I've been thinking about Robin Williams and the demons he had to have to drive him to end his life as he did. I suspect we all have some thoughts that wake us up in the middle of the night. The worries about what might be or the regrets of the past, but depression so grave as to result in a tragedy like this is beyond sad. Robin Williams talked  about worry In the movie Jack where his character said:

"“Please, don’t worry so much. Because in the end, none of us have very long on this Earth. Life is fleeting. And if you’re ever distressed, cast your eyes to the summer sky when the stars are strung across the velvety night. And when a shooting star streaks through the blackness, turning night into day, make a wish, and think of me. Make your life spectacular.”

WorryThere is much in our literature, poetry and music about the things that wake us at night. I've been reading some and thought I'd share a few examples.   There is passage in the Rime of the Ancient Mariner that reads: 

"Like one that on a lonesome road doth walk in fear and dread, and having once turned around walks on, and turns no more his head, because he knows, a frightful fiend doth close behind him tread."

Gary Burr has written a wonderful song A Thousand Wild Horses. The lyrics have the great line about a thousand wild horses hell bent on running him down:  


I thought I was fast
But the sins of my past
They're faster still
And I'm wasting my time
Trying to leave them behind
Cause I never will

One drink too many
One kiss to deep
And I feel that old shacking the ground

That's a thousand wild horses
Thundering behind me
Hellbent on running me down

Each one is branded
Each one is mine
Each one's a darkness
I cannot deny
I know they are coming
There's no place to hide
I'm gonna get runned down
Or I'm gonna ride

I got a thousand wild horses
Thundering behind me
Hellbent on running me down

John Hall Wheelock has written a poem The Black Panther which talks  about the things that haunt us and which has these lines:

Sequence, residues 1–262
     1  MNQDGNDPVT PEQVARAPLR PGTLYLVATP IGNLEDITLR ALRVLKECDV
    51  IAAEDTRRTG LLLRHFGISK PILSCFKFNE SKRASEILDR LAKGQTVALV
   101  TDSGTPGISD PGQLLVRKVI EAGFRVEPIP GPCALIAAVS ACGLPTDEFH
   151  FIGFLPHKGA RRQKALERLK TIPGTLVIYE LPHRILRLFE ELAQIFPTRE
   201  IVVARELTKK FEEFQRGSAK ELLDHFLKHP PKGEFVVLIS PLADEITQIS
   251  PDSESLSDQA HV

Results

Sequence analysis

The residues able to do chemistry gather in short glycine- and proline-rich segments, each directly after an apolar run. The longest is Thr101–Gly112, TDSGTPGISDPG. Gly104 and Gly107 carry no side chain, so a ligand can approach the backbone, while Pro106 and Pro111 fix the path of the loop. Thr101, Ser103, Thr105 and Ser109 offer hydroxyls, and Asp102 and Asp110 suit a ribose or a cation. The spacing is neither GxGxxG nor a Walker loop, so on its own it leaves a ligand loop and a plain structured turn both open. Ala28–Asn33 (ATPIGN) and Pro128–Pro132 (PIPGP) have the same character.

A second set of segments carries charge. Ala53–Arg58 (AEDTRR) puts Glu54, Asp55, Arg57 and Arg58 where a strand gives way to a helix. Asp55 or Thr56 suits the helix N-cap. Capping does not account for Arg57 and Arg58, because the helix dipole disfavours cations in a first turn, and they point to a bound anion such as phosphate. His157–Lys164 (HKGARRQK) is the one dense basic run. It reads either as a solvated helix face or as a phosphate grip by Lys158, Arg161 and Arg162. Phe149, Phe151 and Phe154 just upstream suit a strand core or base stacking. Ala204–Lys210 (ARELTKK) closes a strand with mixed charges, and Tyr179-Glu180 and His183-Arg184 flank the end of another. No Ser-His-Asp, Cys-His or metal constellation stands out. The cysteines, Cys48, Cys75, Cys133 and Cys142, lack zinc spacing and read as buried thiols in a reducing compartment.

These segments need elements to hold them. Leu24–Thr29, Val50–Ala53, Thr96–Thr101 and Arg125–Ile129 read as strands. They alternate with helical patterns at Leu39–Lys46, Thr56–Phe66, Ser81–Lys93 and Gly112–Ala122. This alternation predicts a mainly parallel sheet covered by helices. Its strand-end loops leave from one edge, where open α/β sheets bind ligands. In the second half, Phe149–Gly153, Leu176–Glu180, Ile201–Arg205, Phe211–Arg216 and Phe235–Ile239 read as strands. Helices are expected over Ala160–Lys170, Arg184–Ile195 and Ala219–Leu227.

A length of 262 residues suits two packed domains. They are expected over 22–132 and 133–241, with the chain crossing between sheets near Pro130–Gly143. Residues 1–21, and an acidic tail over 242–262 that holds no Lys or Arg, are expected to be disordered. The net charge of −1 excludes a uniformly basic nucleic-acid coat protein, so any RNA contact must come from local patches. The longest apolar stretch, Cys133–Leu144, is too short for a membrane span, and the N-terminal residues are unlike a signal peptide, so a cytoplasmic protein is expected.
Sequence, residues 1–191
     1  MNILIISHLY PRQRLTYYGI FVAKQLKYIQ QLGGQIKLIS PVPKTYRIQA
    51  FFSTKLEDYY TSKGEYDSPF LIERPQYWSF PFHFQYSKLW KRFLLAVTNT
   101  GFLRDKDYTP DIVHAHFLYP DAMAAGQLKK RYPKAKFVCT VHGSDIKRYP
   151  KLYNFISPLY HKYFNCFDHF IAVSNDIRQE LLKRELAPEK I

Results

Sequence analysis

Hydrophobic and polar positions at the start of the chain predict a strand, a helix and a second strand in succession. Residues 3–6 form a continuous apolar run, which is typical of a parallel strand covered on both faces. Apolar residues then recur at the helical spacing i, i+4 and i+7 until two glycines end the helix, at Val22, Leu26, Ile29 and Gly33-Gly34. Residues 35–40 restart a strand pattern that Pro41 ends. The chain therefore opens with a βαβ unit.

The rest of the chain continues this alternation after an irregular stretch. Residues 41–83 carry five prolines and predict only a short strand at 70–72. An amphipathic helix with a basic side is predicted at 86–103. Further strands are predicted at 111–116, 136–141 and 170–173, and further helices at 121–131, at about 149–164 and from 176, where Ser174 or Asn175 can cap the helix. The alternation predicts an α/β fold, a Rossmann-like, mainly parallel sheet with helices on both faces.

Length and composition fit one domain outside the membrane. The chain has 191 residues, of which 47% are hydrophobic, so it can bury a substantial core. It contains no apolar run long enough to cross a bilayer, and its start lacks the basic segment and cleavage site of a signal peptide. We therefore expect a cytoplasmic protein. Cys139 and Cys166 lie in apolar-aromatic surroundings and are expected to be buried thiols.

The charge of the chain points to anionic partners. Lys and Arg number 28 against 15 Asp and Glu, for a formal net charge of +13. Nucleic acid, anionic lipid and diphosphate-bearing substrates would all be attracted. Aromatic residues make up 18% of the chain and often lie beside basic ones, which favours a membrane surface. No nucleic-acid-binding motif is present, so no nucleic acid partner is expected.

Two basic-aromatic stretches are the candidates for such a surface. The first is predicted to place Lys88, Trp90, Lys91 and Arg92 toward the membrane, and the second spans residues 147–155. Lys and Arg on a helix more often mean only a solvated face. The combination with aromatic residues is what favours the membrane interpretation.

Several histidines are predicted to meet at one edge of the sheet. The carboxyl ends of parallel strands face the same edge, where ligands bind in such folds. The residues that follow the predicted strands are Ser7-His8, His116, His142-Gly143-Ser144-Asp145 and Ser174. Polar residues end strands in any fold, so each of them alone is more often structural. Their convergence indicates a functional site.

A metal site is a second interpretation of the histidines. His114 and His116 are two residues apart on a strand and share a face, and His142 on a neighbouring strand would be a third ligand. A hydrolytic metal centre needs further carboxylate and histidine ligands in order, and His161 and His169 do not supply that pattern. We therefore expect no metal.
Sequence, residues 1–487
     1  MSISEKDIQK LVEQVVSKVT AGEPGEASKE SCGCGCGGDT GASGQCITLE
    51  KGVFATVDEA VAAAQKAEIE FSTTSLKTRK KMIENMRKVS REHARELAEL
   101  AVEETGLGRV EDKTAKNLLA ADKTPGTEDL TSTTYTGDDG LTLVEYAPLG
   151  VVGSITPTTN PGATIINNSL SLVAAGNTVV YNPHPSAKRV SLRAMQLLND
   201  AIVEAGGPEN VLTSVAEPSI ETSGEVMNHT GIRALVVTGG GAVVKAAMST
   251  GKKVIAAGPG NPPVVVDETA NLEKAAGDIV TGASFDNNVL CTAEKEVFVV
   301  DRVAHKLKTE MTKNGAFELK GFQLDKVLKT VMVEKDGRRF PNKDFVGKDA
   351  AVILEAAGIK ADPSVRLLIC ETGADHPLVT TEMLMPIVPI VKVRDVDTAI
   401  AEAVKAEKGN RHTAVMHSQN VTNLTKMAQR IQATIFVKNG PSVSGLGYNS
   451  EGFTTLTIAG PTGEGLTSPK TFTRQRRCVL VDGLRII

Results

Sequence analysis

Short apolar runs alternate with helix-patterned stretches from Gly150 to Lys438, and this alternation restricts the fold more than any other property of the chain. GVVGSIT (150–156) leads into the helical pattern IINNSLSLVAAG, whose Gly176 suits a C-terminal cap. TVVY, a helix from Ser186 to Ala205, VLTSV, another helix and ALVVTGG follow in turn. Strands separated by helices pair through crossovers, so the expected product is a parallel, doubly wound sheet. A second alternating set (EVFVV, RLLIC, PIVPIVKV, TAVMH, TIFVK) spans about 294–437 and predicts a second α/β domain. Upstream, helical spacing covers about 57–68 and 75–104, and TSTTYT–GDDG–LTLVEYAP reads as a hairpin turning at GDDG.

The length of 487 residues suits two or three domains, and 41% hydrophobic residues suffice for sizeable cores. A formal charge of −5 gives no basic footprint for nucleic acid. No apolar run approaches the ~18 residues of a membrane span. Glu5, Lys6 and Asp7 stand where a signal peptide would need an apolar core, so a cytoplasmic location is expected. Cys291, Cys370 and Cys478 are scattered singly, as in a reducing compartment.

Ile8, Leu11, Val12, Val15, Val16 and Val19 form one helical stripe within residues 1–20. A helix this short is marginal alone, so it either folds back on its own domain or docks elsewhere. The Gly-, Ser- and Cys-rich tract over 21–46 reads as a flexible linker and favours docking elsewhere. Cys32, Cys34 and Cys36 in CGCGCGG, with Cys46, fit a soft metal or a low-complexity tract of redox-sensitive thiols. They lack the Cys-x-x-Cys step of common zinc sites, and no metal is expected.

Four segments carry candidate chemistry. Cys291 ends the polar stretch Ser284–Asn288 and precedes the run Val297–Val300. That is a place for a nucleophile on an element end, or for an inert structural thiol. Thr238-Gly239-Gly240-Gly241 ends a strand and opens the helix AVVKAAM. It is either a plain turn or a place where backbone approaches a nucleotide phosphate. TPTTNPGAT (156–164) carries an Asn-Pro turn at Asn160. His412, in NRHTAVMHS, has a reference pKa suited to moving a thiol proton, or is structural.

There is a panther caged within my breast,

But what his name, there is no breast shall know
Save mine, nor what it is that drives him so,
Backward and forward, in relentless quest—
That silent rage, baffled but unsuppressed,
The soft pad of the stealthy feet that go
Over my body's prison to and fro,
Trying the walls forever without rest.


My friend Dennis Donnelly sent me this work, The Layers by Stanley kunitz which speaks to the burden of concern, worry and anxiety:

"I have walked through many lives, some of them my own, and I am not who I was, though some principle of being abides, from which I struggled not to stray. When I look behind, as I am compelled to look before I can gather strength to proceed on my journey, I see the milestones dwindling toward the horizon and the slow fires trailing from the abandoned campsites, over which scavenger Angels wheel on heavy wings. Oh, I have made myself a tribe out of my true affections, and my tribe is scattered! How shall my heart be reconciled to its feast of losses? In a rising wind the manic dust of my friends, those who fell along the way, bitterly stings my face. Yet I turn, I turn, exulting somewhat, with my will intact to go wherever I need to go, and every stone on the road precious to me. In my darkest night, when the moon was covered and I rolled through the wreckage, a Nimbus-clouded voice directed me: "live in the layers, not on the litter." Though I lack the art to decipher it, no doubt the next chapter in my book of transformations is already written. I am not done with my changes."

It was the modern Italian saint and Catholic priest Padre Pio who often advised:""Pray, hope and don't worry" What better advice could we have about it?

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